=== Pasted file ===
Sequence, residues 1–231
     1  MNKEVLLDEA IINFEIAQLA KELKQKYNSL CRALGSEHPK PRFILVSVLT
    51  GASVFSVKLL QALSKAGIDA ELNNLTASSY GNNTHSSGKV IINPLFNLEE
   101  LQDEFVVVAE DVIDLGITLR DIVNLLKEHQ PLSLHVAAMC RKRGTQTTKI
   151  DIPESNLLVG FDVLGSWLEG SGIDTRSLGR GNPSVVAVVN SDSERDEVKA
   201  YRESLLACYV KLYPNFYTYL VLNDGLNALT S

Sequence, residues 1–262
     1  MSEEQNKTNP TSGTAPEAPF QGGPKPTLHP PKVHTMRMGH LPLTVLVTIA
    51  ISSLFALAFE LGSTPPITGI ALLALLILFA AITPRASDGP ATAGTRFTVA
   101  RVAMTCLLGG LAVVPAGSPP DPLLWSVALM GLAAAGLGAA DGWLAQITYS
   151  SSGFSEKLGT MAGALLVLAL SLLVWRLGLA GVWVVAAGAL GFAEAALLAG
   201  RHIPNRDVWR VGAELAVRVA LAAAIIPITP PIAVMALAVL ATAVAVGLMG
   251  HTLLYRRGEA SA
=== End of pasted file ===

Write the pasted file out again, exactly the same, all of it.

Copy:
Sequence, residues 1–231
     1  MNKEVLLDEA IINFEIAQLA KELKQKYNSL CRALGSEHPK PRFILVSVLT
    51  GASVFSVKLL QALSKAGIDA ELNNLTASSY GNNTHSSGKV IINPLFNLEE
   101  LQDEFVVVAE DVIDLGITLR DIVNLLKEHQ PLSLHVAAMC RKRGTQTTKI
   151  DIPESNLLVG FDVLGSWLEG SGIDTRSLGR GNPSVVAVVN SDSERDEVKA
   201  YRESLLACYV KLYPNFYTYL VLNDGLNALT S

Sequence, residues 1–262
     1  MSEEQNKTNP TSGTAPEAPF QGGPKPTLHP PKVHTMRMGH LPLTVLVTIA
    51  ISSLFALAFE LGSTPPITGI ALLALLILFA AITPRASDGP ATAGTRFTVA
   101  RVAMTCLLGG LAVVPAGSPP DPLLWSVALM GLAAAGLGAA DGWLAQITYS
   151  SSGFSEKLGT MAGALLVLAL SLLVWRLGLA GVWVVAAGAL GFAEAALLAG
   201  RHIPNRDVWR VGAELAVRVA LAAAIIPITP PIAVMALAVL ATAVAVGLMG
   251  HTLLYRRGEA SA